A quick trawl of the blogs this morning finds me catching up on an excellent article on the present and future of DTC from John Mack at the Pharma Marketing Blog, and discovering a new anti-pharma blog called Pharmopoly. Obviously take this with a pinch of salt but here is what the anti-globalization folks at Pharmopoly are saying, and note that drug companies are now moving squrely into their cross-hairs over patnets and reimportation as well as over thrid world imports:
Global Growth launched the Pharmopoly campaign in mid-2004 as a response to Big Pharma’s concerted worldwide lobbying for protectionist laws benefiting their profits at the expense of the sick and the poor. Last year saw an unprecedented, Big Pharma financed, multi-million dollar political lobbying and advertising effort. The lobbying was aimed at influencing the outcome of the U.S. elections in the direction of Big Pharma’s preferred candidates and creating a political climate favourable to their interests globally. That lobbying effort earned Big Pharma a huge legislative payback. High prices for drugs result from the ability of the pharmaceutical monopolies to manipulate patent laws, trade treaties and legislation in order to deter competition. Big Pharma also buys political influence with the specific aim of boosting tax-financed prescription payment subsidies on a gargantuan scale. Only the arms industry relies on taxpayers for its profits more than the pharmaceutical industry. In the developing world already high prices are further compounded by costly import tariffs and ‘luxury’ taxes on foreign manufactured pharmaceutical treatments.
So the sick in rich and poor nations alike face twin threats from revenue hungry governments and corporations seeking to exploit patient necessity – despite the dying having no choice but to obtain drugs at whatever price they can afford. The Pharmopoly campaign aims to expose the high costs to patients of protectionism, import tariffs and government granted patent monopolies.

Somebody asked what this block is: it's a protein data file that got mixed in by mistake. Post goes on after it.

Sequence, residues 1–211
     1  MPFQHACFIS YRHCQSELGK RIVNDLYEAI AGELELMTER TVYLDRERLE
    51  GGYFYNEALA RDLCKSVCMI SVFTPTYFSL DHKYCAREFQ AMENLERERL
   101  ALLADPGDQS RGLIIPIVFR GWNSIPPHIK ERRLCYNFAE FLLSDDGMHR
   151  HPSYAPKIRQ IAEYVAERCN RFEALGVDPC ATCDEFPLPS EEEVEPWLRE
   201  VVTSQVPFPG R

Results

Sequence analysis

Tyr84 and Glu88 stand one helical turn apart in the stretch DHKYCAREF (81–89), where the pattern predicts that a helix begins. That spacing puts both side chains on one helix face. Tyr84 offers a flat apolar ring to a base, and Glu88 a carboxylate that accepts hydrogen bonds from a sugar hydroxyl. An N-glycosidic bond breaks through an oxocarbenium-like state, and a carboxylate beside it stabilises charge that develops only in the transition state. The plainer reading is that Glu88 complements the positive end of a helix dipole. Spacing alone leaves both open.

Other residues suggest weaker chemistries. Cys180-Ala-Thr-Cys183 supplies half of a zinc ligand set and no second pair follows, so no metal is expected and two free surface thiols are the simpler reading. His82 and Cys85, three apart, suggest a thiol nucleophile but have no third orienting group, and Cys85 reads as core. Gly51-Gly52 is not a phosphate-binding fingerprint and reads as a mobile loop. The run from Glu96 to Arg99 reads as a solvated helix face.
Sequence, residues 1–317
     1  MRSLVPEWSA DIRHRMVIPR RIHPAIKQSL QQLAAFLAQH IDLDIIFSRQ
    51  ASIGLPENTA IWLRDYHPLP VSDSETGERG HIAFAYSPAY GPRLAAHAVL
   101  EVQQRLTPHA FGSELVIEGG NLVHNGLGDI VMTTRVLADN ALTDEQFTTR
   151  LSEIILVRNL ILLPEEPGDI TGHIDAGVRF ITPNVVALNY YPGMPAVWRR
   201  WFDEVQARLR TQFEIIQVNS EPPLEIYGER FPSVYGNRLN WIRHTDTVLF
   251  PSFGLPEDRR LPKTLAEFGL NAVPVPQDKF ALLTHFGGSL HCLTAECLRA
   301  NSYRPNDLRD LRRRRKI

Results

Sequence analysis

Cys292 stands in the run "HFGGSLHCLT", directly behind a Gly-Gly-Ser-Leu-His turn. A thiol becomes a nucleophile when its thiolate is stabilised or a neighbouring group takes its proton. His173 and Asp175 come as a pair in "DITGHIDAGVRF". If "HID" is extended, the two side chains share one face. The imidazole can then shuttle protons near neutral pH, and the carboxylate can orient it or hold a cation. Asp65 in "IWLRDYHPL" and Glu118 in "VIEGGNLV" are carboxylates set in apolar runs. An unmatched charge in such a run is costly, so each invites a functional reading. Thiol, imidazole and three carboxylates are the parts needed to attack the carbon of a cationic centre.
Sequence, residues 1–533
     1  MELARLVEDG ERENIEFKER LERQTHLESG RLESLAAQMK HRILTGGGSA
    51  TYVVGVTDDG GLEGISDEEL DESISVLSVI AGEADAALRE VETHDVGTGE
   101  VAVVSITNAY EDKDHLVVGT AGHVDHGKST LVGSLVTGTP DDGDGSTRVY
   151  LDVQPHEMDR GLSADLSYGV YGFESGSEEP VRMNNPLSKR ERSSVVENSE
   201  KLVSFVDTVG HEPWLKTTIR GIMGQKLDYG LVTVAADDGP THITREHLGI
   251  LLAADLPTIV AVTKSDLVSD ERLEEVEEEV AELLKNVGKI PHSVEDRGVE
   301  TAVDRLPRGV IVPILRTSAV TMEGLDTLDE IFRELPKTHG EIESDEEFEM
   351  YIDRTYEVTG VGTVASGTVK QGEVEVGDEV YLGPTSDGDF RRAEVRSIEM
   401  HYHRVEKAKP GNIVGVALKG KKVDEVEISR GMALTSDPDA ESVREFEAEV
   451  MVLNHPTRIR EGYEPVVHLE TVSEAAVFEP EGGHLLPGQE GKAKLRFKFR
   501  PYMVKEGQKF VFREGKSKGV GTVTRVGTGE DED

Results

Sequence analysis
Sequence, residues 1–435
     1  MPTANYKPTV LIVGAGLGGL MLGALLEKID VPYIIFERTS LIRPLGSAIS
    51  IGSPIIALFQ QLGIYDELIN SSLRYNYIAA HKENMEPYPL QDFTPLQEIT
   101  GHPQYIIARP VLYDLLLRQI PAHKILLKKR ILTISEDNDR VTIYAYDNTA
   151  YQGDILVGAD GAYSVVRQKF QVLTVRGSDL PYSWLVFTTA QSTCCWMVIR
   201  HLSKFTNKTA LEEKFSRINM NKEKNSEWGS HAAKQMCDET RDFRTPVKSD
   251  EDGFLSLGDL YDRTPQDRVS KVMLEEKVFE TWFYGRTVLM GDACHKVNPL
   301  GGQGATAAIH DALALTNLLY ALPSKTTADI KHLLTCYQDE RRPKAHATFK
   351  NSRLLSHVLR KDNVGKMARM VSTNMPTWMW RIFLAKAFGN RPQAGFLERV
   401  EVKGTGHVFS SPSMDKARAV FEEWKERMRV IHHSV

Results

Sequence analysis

The Pharmopoly campaign’s three objectives are; firstly to promote the tariff-free trade of drugs in the developing world, secondly defend the parallel trading of pharmaceuticals in the rich industrialised nations. Thirdly, to lobby legislators for patient-friendly duration limits on government granted monopolies which will reduce the long-term costs of drugs for patients. We are campaigning for safe, free and fair trade in drugs worldwide.
UPDATE: Paul Staines from Pharmopoly writes: Thanks for referencing our Pharmopoly blog, but just one point; weâ€™re not â€œanti-globalization folksâ€, we are pro-free trade, pro-free enterprise. Weâ€™re not against Pharma making a profit. Weâ€™re against the abuse of monopoly powers granted by patents and the political influence Pharma has over politicians, particularly in the United States. Big Pharma is arguably against free trade and for protectionism whilst deriving its profits increasingly from socialised medicine. Third world governments are also in our â€œcross-hairsâ€ â€“ for putting excessively high tariffs and luxury taxes on imported medicines. Weâ€™re in favour of free trade in pharmaceuticals across borders.